Stakeholder Communication: Following a mapping of its stakeholder network across the Nile countries, the Nile Basin Discourse (NBD) is working to strengthen its communication platforms based on its newly approved Communication and Outreach Strategy. NBD’s national-level civil society networks are monitoring national-level media for events and articles related to climate, livelihoods, environment, water resources, harvesting, and sharing of relevant information. The NBD website has increased user-generated content and hosting of online webinars toward its goal of serving as a platform for communication and information dissemination among member organizations. Meanwhile, the NBD has used existing social media and event platforms to steadily expand outreach and connections among civil society members. These strengthened horizontal communication channels help build capacity of civil society organizations and citizens as well as enable coordination among organizations that are working on similar and related themes across the basin, contributing to increased civil society voice in informing development. The NBD continues to play a facilitation role in connecting civil society with investment planning, where tailored consultations have provided valuable inputs to ongoing projects such as the Niymur Multipurpose Water Resources Project, Baro-Akobo-Sobat Development Program, and the Lake Edward and Albert Fisheries Project.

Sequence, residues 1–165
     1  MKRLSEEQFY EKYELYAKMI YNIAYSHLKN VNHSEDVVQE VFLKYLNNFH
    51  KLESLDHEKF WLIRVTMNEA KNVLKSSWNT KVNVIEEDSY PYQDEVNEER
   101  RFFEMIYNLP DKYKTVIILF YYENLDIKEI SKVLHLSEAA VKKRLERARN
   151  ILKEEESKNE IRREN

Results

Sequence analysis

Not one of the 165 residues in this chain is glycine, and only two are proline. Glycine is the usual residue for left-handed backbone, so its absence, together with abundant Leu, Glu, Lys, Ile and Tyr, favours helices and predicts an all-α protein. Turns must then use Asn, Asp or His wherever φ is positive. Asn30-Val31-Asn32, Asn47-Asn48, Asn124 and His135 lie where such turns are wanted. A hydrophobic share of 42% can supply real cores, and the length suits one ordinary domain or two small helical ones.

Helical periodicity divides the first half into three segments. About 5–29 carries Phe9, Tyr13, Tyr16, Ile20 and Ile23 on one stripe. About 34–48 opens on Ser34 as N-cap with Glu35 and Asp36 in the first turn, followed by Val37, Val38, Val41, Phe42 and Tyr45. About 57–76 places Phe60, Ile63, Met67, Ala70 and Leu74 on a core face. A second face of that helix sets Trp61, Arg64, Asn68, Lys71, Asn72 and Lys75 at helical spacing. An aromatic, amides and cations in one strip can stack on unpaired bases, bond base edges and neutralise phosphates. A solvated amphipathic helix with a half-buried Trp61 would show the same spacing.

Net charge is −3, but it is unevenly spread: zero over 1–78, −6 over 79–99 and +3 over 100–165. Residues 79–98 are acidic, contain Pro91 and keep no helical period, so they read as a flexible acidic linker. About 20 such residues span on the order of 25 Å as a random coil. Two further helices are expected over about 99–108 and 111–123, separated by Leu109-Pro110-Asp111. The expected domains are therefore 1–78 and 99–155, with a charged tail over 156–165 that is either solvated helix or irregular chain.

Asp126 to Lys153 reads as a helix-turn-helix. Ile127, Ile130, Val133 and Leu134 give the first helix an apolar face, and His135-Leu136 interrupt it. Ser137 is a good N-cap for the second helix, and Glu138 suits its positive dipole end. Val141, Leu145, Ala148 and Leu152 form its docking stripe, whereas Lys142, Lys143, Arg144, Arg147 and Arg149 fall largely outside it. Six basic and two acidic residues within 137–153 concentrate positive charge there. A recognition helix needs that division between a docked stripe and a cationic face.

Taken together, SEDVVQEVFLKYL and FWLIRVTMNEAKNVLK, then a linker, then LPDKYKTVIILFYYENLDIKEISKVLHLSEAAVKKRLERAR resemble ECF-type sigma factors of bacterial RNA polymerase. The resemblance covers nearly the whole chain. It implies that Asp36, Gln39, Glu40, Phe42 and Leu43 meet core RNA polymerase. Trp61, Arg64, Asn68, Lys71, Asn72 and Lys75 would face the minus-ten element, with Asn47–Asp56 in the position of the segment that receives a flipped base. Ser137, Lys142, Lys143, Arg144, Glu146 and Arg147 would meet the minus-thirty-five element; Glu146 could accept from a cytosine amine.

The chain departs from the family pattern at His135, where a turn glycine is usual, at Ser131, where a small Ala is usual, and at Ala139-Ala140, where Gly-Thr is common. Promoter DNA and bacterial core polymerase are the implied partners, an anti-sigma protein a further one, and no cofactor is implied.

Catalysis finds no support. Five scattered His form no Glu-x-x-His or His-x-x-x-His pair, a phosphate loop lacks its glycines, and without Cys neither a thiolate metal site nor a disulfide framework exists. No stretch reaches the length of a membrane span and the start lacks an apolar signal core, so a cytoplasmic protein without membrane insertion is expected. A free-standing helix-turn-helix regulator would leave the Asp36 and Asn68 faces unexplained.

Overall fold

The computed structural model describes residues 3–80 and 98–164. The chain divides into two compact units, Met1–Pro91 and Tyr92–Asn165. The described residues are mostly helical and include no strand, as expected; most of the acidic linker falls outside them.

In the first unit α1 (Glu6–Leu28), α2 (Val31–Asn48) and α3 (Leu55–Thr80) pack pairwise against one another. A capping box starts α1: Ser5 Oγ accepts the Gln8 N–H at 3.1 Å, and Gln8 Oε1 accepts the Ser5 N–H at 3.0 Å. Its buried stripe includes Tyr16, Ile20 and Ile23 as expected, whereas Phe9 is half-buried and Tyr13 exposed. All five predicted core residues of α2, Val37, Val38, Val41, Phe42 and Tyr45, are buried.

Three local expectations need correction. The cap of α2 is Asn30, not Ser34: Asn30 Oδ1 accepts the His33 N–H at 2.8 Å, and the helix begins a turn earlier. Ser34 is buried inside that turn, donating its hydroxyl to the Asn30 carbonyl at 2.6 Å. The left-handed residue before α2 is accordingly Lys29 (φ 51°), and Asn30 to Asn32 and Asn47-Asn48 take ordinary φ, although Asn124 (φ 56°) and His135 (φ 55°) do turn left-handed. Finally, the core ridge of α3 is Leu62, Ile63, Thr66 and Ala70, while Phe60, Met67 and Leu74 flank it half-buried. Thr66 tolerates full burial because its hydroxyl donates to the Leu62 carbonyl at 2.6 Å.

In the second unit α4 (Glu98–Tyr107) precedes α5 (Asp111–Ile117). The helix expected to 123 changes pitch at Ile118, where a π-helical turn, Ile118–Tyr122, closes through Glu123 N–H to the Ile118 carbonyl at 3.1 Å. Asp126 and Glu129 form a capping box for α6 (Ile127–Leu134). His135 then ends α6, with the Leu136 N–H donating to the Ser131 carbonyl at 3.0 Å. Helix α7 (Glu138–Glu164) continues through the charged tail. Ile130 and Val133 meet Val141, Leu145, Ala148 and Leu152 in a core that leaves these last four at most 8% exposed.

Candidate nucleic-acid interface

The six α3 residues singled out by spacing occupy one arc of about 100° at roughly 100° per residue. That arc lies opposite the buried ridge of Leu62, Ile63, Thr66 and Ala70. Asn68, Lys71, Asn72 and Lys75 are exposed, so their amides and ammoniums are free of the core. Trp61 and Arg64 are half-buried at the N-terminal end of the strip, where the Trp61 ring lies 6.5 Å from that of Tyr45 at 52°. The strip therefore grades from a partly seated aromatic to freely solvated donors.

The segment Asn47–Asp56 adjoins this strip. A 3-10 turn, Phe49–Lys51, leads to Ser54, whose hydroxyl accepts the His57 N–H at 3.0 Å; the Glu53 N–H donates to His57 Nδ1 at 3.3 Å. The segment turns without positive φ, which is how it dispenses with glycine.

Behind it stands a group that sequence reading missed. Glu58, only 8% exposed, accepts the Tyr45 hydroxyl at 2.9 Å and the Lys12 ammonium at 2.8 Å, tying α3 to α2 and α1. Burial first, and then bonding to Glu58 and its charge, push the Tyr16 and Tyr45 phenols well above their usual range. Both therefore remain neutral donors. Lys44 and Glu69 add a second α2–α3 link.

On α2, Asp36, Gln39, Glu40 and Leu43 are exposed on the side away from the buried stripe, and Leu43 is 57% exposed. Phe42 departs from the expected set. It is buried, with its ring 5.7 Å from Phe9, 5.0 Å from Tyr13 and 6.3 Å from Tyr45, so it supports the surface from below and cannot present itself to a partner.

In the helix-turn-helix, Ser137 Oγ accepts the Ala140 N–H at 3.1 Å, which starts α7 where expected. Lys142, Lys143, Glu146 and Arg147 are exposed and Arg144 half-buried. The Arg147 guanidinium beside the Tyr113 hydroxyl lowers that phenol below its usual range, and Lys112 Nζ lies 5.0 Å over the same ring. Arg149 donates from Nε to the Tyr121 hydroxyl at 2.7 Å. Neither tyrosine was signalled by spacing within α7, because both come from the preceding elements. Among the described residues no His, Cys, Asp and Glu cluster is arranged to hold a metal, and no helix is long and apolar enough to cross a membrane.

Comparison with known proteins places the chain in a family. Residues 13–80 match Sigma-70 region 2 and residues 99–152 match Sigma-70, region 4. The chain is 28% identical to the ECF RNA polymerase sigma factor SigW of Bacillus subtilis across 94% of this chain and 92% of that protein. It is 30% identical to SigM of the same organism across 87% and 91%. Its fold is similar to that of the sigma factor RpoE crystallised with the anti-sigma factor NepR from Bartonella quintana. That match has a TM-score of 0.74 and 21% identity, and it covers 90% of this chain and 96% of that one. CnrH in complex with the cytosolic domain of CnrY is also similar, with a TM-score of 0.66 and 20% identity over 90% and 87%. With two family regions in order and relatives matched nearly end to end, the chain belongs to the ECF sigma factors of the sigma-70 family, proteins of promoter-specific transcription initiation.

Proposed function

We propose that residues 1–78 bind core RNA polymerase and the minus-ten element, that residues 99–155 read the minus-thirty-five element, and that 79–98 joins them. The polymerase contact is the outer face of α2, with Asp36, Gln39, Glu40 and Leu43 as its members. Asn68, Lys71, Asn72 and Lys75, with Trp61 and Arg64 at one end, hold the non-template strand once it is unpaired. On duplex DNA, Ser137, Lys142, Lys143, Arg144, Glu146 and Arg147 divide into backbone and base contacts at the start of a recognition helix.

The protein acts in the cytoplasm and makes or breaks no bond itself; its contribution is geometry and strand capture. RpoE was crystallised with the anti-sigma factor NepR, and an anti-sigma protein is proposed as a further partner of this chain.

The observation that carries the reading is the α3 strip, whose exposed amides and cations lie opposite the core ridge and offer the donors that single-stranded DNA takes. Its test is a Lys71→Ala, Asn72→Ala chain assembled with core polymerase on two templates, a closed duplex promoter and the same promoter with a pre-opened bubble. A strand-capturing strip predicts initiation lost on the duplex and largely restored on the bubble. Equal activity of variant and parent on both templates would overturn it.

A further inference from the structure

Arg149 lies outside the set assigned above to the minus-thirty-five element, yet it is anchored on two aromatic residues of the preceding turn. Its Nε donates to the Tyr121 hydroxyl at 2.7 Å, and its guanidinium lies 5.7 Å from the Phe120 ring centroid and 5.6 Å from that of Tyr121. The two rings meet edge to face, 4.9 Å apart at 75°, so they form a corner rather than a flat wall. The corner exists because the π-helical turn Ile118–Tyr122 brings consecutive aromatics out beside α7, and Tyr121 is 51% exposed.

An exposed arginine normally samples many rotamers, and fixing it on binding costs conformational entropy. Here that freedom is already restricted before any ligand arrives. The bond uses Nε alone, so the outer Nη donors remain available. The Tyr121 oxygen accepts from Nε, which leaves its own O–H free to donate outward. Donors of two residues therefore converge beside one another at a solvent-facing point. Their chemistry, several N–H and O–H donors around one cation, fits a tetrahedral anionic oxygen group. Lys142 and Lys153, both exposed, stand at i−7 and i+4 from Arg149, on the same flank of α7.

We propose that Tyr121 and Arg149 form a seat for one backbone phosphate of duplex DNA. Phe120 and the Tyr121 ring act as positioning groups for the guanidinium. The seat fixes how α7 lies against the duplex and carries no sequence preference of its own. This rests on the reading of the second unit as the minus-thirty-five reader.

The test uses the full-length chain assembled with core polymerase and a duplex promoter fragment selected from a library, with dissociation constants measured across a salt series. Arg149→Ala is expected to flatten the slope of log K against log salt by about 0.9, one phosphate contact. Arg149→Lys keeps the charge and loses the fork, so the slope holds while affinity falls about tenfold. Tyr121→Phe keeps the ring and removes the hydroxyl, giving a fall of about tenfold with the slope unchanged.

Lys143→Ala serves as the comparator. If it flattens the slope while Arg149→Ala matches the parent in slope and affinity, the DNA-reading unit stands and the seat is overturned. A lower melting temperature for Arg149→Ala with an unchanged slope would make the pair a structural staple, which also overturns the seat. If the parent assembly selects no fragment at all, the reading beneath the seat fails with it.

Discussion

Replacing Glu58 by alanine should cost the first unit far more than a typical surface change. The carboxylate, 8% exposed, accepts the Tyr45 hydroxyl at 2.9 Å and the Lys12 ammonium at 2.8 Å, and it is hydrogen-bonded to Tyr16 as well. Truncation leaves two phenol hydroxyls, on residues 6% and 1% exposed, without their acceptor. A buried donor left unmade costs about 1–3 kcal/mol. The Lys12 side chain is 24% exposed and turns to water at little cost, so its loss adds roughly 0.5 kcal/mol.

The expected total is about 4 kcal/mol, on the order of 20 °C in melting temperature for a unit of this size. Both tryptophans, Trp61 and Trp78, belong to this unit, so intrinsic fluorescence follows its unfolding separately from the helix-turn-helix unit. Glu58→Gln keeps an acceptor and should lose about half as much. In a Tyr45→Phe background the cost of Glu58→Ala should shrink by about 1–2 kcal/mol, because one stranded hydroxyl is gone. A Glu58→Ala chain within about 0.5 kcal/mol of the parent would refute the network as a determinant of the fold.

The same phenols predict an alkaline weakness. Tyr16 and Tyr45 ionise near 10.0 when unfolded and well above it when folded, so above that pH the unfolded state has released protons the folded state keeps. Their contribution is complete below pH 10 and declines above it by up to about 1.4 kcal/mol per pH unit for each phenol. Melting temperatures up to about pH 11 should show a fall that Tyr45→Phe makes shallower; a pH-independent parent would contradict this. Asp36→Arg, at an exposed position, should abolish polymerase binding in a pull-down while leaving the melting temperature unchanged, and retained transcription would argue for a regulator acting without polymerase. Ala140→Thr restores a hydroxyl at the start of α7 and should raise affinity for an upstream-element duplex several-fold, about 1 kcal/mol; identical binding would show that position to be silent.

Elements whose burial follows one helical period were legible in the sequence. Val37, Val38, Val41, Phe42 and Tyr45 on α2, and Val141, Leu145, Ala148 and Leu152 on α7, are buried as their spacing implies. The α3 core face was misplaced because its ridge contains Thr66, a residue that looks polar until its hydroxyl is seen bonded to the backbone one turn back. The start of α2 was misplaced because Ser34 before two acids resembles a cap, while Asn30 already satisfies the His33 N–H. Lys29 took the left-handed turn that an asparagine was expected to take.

OUTCOME AREA 2. Shared data, knowledge, and analytical tools enable timely, transparent, and regionally beneficial decision making.